So, after last week’s zippy, entertaining romp of an opener, what’s next? Did episode two of the new series (or episode seven, as I’m duty-bound to call it) live up to the high standard set by the opener? Well, er… not entirely.

The Rings of Akhaten picked up the story in 1981, with the Doctor observing the meeting of Clara’s mother and father. And how did they meet? Well, it’s none other than the leaf from Clara’s book, taping itself to Clara’s father’s face and forcing Clara’s mother to save him, beginning an Up-esque prologue chronicling the birth of Clara, to her mother’s death in 2005 (are you trying to tell us something, Moffat?). It’s a nice little opening that sets up the events that take place later in the episode, but it’s surprising to see the mystery of the leaf, something that could easily have been eked out for a couple of episodes squandered by the three-minute mark.

So, back to the future (because that joke is definitely still funny, right? Right?), where modern Clara is embarking on her first trip in the TARDIS. In their first journeys, companions have asked to go ‘forwards in time’, or usually ‘wherever’, but Clara’s request made a certain degree of sense: something awesome. And because the Doctor’s track record in going to the places he intends to go is tiny, he managed to confound all our expectations by taking Clara to somewhere awesome. More specifically, the rings of the planet of  Mos Akhaten Cantina… sorry, that’s just Akhaten.

It’s the first time in Who since episode two of the first revamped series, The End of the World, that we’ve seen a massive gathering of new aliens in one place… and it’s one of the highlights of the episode. Doctor Who hasn’t always shown a lot of groups of aliens together, so it’s nice to see a bunch of aliens that haven’t just been re-used from what the production team had available to them. Top marks also go to the set work, which is (while claustrophobic) uniformly excellent – which is just as well, given that aside from the opening, the episode is all done on sets.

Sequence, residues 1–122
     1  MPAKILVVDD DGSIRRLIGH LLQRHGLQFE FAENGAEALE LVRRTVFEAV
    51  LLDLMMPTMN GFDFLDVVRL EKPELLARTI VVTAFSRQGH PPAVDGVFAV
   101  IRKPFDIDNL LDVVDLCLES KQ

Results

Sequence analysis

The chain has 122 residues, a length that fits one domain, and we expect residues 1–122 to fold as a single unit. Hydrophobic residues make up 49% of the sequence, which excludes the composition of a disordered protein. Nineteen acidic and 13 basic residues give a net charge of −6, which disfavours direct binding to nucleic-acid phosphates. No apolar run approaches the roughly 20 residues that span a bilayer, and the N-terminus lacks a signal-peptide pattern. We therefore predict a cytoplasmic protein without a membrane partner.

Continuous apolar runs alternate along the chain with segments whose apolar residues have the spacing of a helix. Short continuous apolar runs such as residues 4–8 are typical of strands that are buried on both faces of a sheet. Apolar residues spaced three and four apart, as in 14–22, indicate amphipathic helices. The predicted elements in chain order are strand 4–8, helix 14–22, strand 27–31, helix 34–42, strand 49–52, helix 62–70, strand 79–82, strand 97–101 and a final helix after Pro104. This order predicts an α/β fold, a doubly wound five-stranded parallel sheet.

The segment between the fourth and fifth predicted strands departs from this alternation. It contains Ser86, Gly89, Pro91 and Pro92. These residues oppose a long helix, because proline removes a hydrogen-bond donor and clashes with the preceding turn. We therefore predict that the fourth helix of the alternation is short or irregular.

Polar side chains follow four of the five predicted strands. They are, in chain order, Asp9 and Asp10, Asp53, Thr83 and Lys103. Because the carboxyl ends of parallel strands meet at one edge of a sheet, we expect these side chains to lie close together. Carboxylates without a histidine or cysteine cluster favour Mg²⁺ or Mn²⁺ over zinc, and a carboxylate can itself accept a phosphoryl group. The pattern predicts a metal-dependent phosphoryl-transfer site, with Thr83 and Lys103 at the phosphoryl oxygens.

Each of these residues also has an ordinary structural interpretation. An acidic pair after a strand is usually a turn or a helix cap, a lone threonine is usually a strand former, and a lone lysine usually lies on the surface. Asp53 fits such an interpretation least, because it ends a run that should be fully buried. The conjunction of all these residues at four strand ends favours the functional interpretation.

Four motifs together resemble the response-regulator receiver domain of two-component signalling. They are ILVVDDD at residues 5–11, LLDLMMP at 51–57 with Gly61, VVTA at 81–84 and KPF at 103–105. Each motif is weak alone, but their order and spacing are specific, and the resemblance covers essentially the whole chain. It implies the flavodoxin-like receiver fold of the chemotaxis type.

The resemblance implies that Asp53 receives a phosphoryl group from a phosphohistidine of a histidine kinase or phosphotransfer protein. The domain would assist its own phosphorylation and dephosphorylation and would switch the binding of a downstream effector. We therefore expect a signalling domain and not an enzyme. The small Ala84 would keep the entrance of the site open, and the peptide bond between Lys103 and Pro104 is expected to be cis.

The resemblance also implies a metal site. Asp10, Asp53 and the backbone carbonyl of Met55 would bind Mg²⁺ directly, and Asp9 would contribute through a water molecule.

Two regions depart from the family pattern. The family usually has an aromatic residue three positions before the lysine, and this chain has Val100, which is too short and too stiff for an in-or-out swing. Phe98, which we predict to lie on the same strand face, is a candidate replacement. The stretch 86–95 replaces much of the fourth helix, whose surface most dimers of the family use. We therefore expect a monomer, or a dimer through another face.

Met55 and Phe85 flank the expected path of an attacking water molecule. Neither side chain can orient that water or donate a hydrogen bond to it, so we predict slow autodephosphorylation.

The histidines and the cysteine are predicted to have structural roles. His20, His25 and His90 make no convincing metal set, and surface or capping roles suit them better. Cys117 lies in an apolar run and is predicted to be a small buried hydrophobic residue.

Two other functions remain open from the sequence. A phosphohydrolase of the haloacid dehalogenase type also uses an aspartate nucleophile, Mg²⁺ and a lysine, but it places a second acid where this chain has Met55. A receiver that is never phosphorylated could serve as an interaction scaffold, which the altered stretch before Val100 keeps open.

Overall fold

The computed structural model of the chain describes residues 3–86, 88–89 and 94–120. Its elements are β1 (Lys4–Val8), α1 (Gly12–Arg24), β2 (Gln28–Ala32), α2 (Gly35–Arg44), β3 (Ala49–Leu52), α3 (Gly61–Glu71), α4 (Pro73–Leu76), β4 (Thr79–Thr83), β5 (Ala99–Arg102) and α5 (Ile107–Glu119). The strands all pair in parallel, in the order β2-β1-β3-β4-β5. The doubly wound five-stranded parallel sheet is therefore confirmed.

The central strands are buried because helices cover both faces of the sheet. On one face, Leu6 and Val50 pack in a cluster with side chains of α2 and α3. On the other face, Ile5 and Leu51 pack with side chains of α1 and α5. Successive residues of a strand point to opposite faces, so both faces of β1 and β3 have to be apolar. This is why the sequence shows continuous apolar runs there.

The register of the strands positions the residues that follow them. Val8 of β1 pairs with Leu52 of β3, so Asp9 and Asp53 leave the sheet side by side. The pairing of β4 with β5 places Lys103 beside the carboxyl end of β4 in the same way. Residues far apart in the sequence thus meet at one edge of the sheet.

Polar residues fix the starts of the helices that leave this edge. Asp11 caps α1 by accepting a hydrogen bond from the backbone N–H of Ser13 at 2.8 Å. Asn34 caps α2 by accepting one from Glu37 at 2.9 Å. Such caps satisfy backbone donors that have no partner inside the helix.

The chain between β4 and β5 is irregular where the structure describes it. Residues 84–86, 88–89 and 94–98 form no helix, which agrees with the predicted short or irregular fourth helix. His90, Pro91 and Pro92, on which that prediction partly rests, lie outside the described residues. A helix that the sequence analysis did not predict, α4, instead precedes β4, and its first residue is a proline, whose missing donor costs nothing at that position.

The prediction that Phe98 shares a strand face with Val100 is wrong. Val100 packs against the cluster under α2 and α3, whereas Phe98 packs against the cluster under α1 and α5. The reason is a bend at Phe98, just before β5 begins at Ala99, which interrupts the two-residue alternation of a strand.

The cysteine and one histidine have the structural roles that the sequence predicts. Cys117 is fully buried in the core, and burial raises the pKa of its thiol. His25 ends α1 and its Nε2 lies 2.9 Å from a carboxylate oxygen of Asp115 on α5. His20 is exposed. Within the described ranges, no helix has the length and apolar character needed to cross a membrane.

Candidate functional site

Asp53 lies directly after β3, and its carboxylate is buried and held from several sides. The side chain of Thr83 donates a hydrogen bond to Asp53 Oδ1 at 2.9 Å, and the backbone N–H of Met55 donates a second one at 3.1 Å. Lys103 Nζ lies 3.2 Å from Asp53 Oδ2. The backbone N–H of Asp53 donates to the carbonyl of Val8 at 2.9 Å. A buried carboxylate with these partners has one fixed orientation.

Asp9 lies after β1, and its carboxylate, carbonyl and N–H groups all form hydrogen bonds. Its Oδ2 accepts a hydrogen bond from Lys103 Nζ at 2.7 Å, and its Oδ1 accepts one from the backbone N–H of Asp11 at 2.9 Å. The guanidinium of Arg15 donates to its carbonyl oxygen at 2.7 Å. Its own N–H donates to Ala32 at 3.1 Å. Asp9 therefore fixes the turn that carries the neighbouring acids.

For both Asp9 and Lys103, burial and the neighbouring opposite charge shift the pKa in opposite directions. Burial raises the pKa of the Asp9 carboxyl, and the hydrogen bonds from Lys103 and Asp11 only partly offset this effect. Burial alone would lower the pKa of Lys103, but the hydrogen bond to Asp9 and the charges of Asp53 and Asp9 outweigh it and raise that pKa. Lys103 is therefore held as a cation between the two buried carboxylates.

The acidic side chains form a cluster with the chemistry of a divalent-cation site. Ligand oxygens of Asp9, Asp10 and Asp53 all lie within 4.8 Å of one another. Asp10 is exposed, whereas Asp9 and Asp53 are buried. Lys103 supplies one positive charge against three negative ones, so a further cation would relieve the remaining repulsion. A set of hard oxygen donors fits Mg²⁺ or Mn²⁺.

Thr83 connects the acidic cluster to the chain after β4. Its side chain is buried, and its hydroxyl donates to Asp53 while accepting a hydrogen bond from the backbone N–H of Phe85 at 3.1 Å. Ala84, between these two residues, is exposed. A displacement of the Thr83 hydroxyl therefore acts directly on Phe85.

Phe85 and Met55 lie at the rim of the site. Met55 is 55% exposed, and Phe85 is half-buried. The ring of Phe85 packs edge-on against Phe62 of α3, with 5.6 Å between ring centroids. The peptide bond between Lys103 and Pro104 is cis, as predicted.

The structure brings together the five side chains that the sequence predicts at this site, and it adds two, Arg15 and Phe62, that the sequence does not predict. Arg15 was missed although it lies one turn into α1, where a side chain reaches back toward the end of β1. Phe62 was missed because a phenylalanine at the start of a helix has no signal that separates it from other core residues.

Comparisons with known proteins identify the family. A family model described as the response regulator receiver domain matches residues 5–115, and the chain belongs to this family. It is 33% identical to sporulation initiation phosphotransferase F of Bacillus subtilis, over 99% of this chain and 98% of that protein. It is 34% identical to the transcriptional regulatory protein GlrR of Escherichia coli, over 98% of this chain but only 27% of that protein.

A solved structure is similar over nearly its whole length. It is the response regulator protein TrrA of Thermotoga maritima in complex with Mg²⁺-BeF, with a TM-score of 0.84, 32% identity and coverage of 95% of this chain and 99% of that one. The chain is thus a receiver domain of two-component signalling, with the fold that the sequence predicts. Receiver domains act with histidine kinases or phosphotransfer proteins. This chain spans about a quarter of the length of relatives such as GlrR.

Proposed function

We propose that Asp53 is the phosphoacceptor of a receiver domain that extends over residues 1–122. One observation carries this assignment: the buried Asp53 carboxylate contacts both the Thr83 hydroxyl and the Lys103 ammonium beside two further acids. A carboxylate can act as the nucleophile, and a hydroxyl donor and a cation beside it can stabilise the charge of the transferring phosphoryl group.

You may have noticed that I’ve used up half the review without talking about the episode’s plot (aside from the pre-titles sequence). Well, it’s fairly thin. It doesn’t really get going for about fifteen minutes, then stampedes forward for a while, then trips over its shoelaces before getting up and stampeding to a climax. The pacing is completely off, with fast-paced, exciting set-pieces followed by meandering cut-able scenes. It’s genuinely great in places (the attack of the Mummy, the Doctor’s monologue), but it’s hard to really get engaged when the episode keeps hitting the brake.

So, the monsters. After last week’s alien no-show, there’s two brand new monsters, which are both really, really good. The Vigil are incredibly creepy (even if creepy whispers are a tad old), the Mummy’s an excellently designed threat… but they’re so under-used that they lack a proper impact. I can understand that Neil Cross wanted to get on with the plot, but it’s sad to see such great threat squandered.

But the true enemy this episode is the God, a ball of suspiciously pumpkin-like energy that feeds on memories. It’s a clever trick, even it it’s just a device to bring on a classic Doctor bad-ass monologue as it drains the Doctor’s memories. Matt Smith’s (who will go mostly unmentioned in these reviews, on account of not wanting to sound like a sheep bleating the same positive words over and over) acting is excellent in this scene – he genuinely sounds like the eleventh incarnation of a thousand-year old alien, not a thirty-year old actor with odd hair. But it’s not the Doctor that saves the day – it’s Clara’s leaf, with it’s handy ‘what-could-have-been’ powers… and an awful lot of singing.

Ah, yes singing. I’m not a huge fan of singing episodes, and Akhaten‘s songs did often feel surplus to requirements in the episode… even if they sound pretty good. The song at the end was a highlight, but otherwise they were an unnecessary intrusion into the episode, especially the awful ‘secret-door’ moment. They’re sung with aplomb by ten-year-old Emilia Jones, who’s really rather good as the Queen of Years. You may not be a fan of child actors, but Jones manages to counter expectations of a child actor by giving a very promising performance.

So, to wrap up the review: The Rings of Akhaten is a fun, if badly paced adventure with terrific performances (Jenna-Louise Coleman has gone unmentioned in this review, but she’s just as good as she was last week – more than holding her own against Matt Smith), great aliens and excellent visuals. Just leave out the songs next time, eh?

Tune in next Saturday for a review of Cold War, which marks the return of classic foe the Ice Warriors. It’s the one you’ve all been waiting for, folks.